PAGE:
I just got finished listening to Ursula Franklin's The Real World of Technology lectures from 1989. I'm kind of embarrassed to admit that I didn't know about her work until the news of her passing went around in social media a few weeks ago.

There are five lectures in all, each an hour long, which can be streamed directly for free. I ended up downloading the mp3s that the flash player uses so I could easily listen to them on my commute to work. If you'd like a copy get in touch. If you prefer there is a book too ... but you'll be missing out on Franklin's delivery, which is a big part of the wit and warmth of the lectures.

The lectures are ultimately about re-centering technology on the needs of people, rather than capital markets, the machinery of war, and natural destruction. Even with a gap of 30 years her message still rings clear as a bell today. We're in the middle of talking about principles or values at work, so when Franklin talked about her own principles I wanted to jot them down. You probably will need to listen to the lectures to get at the meaning behind words like, but I imagine they will mostly make sense.

I can't emphasize enough that we need a great deal of principled discourse. That discourse is political, in the sense that feminists say the personal is political. The discourse should be authentic in the sense of giving priority to experience and to genuine and verifiable information rather than to hearsay. It should seek out those with direct experience, those on whom technology impacts.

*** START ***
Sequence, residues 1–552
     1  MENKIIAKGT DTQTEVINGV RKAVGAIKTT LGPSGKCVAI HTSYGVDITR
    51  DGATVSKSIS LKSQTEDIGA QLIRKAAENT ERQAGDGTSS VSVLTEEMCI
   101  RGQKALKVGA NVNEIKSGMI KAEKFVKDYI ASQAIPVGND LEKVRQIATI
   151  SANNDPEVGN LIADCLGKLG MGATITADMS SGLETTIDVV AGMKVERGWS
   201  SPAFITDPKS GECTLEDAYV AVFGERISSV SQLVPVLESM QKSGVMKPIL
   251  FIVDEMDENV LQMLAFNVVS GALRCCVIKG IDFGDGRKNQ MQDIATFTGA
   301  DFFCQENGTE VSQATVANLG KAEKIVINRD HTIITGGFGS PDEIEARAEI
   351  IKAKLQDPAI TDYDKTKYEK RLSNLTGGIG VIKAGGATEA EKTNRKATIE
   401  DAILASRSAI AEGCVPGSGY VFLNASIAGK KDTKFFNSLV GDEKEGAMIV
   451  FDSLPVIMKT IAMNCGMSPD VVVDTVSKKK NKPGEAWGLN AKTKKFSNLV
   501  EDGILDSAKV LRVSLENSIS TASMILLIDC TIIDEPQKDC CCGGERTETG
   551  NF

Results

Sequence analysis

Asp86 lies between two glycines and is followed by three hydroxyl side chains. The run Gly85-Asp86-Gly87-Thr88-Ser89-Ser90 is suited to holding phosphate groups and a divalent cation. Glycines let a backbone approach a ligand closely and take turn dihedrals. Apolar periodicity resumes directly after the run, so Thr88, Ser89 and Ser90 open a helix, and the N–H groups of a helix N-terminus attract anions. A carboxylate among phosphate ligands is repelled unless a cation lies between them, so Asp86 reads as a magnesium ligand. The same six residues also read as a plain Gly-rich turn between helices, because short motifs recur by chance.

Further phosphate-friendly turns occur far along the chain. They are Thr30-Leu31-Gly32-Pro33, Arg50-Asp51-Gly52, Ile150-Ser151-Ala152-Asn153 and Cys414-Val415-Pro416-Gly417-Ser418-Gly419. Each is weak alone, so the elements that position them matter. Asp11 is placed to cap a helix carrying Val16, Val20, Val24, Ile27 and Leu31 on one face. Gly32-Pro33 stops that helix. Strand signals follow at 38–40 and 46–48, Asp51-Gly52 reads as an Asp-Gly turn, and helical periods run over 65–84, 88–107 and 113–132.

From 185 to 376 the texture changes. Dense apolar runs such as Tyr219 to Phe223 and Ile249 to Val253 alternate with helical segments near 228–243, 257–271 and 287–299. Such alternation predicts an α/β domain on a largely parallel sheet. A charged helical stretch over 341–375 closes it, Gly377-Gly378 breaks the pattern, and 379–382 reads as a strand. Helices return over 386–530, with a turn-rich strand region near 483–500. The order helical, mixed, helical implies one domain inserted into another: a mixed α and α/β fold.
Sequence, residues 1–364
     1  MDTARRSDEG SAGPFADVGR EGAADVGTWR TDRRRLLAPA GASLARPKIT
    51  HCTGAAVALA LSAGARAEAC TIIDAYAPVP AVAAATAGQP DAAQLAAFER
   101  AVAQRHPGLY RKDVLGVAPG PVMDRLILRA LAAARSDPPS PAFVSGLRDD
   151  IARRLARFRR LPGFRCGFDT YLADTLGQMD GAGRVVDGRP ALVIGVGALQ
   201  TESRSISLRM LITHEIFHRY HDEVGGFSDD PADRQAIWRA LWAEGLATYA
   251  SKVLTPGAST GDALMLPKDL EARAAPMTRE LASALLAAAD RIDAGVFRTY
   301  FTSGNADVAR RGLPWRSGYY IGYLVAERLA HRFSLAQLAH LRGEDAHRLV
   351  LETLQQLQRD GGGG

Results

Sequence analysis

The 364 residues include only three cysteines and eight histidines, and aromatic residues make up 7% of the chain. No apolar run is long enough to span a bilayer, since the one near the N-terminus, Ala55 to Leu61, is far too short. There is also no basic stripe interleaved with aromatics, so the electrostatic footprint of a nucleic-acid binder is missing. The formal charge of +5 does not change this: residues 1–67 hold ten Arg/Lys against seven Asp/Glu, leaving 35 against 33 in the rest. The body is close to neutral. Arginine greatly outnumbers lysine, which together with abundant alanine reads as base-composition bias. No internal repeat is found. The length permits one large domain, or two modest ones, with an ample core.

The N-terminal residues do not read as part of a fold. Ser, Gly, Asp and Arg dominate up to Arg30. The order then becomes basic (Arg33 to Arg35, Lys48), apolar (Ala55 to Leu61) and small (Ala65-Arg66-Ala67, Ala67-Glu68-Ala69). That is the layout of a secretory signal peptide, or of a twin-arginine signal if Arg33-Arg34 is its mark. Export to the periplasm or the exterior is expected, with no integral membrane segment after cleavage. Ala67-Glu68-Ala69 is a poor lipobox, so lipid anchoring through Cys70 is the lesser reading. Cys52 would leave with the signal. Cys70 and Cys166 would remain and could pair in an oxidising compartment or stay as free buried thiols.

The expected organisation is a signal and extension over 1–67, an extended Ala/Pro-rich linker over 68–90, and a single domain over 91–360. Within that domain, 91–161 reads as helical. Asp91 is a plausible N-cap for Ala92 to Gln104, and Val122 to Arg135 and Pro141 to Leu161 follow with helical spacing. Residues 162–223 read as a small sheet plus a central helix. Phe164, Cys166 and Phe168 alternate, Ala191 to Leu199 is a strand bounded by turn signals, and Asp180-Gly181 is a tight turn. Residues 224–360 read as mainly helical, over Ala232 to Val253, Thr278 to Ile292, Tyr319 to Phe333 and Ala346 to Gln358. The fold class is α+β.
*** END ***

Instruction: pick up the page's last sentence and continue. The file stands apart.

One needs also to pay particular attention to the language of this discourse. A lot of clarification can occur by simply attending to the language. Whenever somebody talks to you about benefits or costs of particular development don't ask what benefits, ask whose benefits, whose costs. To come back to the discourse that we have to have with each other: on the basis of these discussions we could make up a checklist ... let's make a civic list. When one looks at projects that are under discussion ... one can ask:

  1. Whether it promotes justice.
  2. Whether it restores reciprocity.
  3. Whether it confers divisible or individible benefits.
  4. Whether it favors people over machines.
  5. Whether the strategy of implementation maximizes gain or minimizes disaster.
  6. Whether conservation is favored over waste.
  7. Whether the irreversible stands back because the reversible is favored.